The Complex History of the Genes That Color Our Skin

 In Health
Few human traits are more variable, more obvious, and more historically divisive than the color of our skin. And yet, for all its social and scientific importance, we know very little about how our genes influence its pigment. What we do know comes almost entirely from studying people of European descent.

To Sarah Tishkoff, a geneticist at the University of Pennsylvania, that’s a ridiculous state of affairs. “It gives you a very incomplete perspective,” she says.

To redress that imbalance, Tishkoff and her team looked to Africa—the continent where humanity is at its most physically and genetically diverse. They recruited 1,570 volunteers from 10 ethnic groups in Ethiopia, Tanzania, and Botswana, and measured the amount of the dark pigment melanin in the skin of their inner arms. Then the team looked at more than 4 million spots in the volunteers’ genomes where DNA can vary by a single letter, to identify which variations are associated with their skin color.

They found several, clustered around six specific genes: SLC24A5, MFSD12, DDB1, TMEM138, OCA2 and HERC2. And they showed that these variants collectively account for 29 percent of the variation in skin color in the three countries studied. That’s a big proportion! For comparison, a similar and much bigger study identified hundreds of genes that affect one’s height, but that collectively account for just 16 percent of the variation that you see in large populations.

Tishkoff says that her results complicate the traditional evolutionary story of human skin. In this view, humanity began with dark skin in Africa to protect against the harmful effects of the sun’s ultraviolet radiation. As people migrated to other continents, some groups evolved lighter skin, to more effectively produce vitamin D in areas where sunlight is scarce.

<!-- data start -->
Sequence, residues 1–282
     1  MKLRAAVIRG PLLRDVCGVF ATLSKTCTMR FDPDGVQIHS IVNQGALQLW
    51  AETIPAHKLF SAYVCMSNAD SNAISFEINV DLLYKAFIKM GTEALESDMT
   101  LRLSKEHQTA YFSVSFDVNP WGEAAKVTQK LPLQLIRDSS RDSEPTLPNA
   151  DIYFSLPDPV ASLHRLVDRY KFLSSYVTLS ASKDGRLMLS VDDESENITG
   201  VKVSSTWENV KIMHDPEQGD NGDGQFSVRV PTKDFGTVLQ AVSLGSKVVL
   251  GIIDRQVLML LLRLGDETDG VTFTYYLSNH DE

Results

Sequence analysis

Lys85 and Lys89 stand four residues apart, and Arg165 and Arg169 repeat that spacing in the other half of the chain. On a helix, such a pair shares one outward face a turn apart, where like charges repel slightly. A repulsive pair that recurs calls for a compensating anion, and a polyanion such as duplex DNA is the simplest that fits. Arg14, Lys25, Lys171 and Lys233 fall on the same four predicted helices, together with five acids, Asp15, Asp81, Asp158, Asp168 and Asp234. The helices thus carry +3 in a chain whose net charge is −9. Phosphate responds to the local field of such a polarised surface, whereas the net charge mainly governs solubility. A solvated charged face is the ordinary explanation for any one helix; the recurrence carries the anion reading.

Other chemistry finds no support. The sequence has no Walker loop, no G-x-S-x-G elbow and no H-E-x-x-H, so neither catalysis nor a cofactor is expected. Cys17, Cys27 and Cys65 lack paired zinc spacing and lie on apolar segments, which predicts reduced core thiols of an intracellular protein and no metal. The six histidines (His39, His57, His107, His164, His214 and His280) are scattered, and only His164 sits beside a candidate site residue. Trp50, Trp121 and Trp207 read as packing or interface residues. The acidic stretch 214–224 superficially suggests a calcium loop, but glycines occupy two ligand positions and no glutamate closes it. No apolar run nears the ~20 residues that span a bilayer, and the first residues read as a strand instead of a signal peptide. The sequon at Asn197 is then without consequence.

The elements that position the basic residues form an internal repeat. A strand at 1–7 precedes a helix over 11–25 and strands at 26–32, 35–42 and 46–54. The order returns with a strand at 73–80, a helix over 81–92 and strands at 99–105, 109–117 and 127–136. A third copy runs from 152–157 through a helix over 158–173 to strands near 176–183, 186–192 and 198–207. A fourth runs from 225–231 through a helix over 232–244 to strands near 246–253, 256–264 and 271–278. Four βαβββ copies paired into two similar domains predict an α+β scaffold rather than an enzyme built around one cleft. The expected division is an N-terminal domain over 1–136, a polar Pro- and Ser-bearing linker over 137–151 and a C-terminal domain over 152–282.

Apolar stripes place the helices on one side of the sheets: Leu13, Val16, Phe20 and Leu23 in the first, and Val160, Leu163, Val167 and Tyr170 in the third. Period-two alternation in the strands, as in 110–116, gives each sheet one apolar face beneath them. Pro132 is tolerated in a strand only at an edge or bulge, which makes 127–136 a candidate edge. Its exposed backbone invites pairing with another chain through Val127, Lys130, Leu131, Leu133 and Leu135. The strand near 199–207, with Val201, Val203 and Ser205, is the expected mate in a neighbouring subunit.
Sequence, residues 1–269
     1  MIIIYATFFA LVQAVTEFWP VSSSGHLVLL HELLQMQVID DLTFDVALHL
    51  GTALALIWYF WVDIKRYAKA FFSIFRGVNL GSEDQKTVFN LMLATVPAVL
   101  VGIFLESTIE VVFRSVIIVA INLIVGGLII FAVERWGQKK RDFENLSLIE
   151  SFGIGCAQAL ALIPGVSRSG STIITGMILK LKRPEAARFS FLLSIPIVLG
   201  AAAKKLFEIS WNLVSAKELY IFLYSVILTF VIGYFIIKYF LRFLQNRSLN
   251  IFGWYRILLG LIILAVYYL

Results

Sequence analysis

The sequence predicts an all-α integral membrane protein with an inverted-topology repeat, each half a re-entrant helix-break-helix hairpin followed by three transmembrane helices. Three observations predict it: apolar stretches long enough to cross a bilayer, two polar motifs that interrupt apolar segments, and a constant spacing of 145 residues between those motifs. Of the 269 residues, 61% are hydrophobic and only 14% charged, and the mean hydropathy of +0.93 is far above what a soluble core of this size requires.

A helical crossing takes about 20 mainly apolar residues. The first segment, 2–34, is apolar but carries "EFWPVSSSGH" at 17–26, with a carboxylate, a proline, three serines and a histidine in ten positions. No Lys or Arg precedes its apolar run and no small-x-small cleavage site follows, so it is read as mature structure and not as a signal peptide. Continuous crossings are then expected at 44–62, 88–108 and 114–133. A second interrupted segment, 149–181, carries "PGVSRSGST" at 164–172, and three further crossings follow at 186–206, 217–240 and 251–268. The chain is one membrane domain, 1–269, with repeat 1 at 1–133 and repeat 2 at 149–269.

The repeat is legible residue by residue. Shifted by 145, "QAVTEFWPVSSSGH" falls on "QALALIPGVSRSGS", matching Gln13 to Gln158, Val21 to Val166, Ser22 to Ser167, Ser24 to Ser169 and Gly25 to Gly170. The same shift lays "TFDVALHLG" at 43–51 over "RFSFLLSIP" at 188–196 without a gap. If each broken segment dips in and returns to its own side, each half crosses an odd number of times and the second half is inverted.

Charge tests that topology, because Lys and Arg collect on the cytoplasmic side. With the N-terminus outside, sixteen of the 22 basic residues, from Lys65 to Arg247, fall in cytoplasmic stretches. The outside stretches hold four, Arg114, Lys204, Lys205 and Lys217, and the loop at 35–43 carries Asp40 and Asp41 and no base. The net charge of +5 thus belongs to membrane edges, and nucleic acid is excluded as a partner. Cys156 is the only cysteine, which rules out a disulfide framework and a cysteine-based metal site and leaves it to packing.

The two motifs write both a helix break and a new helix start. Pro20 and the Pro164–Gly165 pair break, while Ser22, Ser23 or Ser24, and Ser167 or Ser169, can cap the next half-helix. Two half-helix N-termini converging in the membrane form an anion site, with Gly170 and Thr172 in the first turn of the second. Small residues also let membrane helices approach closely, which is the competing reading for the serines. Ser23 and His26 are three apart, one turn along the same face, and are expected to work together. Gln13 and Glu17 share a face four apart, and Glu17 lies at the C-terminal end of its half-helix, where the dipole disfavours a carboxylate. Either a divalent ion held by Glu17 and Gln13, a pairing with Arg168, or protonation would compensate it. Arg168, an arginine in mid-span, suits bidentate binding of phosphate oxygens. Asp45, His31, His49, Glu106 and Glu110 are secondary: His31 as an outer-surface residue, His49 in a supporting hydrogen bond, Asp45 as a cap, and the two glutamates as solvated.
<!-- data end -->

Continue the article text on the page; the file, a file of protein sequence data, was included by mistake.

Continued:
“When you look at this African-centered perspective, there’s a lot of variation.”

But most of the variants that Tishkoff’s team identified, for both light and dark skin, have an ancient African origin. They likely arose in hominids like Homo erectus long before the dawn of our own species, and have coexisted in balance for hundreds and thousands of years. In many cases, the older variant is responsible for lighter skin, not darker. That’s consistent with an idea from Nina Jablonski, an anthropologist from Pennsylvania State University, who thinks that the ancient ancestors of humans—much like other primates—had pale skin. “As our ancestors moved out of the forest and into the savannah, they lost their hair and evolved darker skin,” says Nick Crawford, a researcher in Tishkoff’s lab.

But that wasn’t an all-encompassing change. Different groups of people adapted to their own particular environments, not just around the world, but within Africa, too. “Africa is not some homogenous place where everyone has dark skin,” Tishkoff says. “There’s huge variation.” For example, her team’s measurements showed that the Nilotic peoples in eastern Africa have some of the darkest skin around, while the San of southern Africa have light skin, comparable to some East Asians.

This physical diversity is mirrored in these groups’ genes. The first gene identified as affecting human skin color—MC1R—is very diverse in European populations but remarkably similar across African ones. Based on that pattern, says Tishkoff, some geneticists have concluded that the evolutionary pressure for dark skin in Africa is so strong that any genetic variants that altered skin color were ruthlessly weeded out by natural selection. “That’s not true,” says Tishkoff—but it’s what happens when you only study skin color in Western countries. “When you look at this African-centered perspective, there’s a lot of variation.”

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